THE IRISH PRIVATE rental market is a vastly amateur one: about three-quarters of all landlords have just one property, so for most it’s not their main profession. There is nothing unusual about this across the world: in France, for example, this figure is closer to 95 per cent, in Belgium it is about 86 per cent, and 75 per cent in the USA.
What is different in many other countries, however, is the nature of the landlord and tenant relationship, with better security of tenure than is available in Ireland, and long-term renting being more common.
Numbers renting in the private rented sector have soared since 2006, and currently about one in five households rent their homes. In Galway, this is about one in three. The nature of the tenants has changed, too, with many people who could afford to purchase their properties making a considered decision to rent instead.
The private rented sector is changing
That means the private rented sector is no longer for the unemployed, separated fathers, the socially marginalised and students. It now accommodates families, accountants, academics, lawyers and various other professions, often highly paid, who might traditionally have bought their homes. Times are changing.
There is, however, a growing tension in recent years between the increasing numbers of people who want or have to rent and the physical and legislative infrastructure on offer to them. Several surveys in the last 18 months (the SCSI’s, for example) have indicated that more than half of all current renters would like to rent long-term, but are wary of this due to the poor security of tenure on offer here.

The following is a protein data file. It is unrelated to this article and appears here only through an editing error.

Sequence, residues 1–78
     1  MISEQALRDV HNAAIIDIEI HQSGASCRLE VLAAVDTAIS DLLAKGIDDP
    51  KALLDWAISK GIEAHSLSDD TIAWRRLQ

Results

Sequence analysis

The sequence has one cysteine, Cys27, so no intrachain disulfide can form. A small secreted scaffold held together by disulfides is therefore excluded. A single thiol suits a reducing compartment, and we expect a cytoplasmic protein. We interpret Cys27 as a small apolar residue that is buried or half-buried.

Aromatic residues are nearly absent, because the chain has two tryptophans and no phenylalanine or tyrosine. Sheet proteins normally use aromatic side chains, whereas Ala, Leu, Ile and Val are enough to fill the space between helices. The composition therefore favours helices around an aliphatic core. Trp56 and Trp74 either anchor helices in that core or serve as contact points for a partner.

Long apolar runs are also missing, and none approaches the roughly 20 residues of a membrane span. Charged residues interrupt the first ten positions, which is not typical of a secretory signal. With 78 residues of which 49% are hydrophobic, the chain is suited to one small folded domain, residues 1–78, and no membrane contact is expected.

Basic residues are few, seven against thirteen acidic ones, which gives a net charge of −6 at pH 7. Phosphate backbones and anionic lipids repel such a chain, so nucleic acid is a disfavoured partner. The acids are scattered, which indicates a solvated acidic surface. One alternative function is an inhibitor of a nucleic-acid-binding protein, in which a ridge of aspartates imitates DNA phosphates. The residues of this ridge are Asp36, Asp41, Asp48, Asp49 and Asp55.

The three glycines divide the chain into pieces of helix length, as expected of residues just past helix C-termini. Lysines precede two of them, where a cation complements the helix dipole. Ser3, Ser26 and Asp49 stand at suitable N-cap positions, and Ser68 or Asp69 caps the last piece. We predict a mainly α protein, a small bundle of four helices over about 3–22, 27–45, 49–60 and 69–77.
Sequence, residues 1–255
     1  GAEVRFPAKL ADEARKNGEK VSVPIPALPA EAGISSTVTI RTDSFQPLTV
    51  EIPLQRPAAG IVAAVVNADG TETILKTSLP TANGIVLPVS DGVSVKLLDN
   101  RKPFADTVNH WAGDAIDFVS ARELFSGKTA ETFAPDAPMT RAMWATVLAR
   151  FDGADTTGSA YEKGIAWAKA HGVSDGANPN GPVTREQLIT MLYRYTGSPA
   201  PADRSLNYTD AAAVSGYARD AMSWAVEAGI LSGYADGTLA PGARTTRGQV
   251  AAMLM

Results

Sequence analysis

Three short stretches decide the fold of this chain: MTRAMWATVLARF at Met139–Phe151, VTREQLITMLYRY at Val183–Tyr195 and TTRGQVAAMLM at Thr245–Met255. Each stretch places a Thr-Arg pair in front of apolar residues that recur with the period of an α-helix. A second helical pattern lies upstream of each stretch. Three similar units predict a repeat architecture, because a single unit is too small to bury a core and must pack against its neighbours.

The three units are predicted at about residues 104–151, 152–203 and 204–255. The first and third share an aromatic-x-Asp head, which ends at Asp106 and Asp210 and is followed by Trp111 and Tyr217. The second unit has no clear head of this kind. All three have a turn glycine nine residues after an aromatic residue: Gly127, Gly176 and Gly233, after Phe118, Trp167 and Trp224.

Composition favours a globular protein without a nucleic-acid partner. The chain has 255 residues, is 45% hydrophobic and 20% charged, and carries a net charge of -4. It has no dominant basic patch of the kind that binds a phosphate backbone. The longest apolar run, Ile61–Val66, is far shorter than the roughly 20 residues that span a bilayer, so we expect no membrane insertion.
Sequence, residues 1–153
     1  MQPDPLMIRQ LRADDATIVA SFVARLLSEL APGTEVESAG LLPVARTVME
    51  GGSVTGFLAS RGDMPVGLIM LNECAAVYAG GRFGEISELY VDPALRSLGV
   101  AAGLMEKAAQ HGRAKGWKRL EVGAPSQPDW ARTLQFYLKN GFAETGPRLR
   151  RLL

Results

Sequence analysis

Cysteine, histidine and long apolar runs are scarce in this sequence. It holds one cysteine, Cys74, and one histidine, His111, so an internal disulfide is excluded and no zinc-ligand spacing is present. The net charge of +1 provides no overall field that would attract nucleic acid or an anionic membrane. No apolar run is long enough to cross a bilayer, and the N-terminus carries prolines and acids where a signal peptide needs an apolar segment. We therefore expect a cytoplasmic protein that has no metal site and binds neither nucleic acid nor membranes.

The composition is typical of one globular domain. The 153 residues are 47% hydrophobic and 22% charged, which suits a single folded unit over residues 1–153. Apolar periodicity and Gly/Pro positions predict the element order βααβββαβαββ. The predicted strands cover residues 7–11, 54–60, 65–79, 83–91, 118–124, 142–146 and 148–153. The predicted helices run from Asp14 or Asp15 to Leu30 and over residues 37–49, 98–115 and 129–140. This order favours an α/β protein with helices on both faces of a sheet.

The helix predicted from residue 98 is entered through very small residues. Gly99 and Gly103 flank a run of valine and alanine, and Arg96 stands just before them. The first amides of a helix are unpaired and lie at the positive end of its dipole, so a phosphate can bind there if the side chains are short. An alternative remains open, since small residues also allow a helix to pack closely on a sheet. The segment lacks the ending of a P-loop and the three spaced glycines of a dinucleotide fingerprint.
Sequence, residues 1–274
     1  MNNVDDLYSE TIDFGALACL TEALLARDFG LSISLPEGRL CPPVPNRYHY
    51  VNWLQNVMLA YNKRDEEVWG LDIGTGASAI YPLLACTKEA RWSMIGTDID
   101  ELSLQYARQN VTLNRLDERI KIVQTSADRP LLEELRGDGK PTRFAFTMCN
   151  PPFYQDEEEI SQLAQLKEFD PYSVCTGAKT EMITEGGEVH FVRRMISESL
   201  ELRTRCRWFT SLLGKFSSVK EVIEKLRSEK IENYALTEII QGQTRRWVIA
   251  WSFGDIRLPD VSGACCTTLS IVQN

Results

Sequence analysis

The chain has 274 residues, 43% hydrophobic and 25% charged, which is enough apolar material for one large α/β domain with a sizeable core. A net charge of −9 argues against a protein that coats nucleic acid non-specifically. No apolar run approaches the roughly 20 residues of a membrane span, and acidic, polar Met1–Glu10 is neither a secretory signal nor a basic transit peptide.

The opportunity to rent long-term is a positive one for both the individuals involved and the national economy as a whole: the over-encouragement of home ownership is damaging in terms of labour mobility and the absorption of resources that could be spent or invested elsewhere, for example, either in a business as an aspiring entrepreneur, or indeed in higher levels of qualification. You get the picture. It is also a positive for landlords (although many of them find this idea challenging), for as a property person, a long-term secure rental stream with minimal tenancy interruption is an ideal investment. These are the principles of property investment.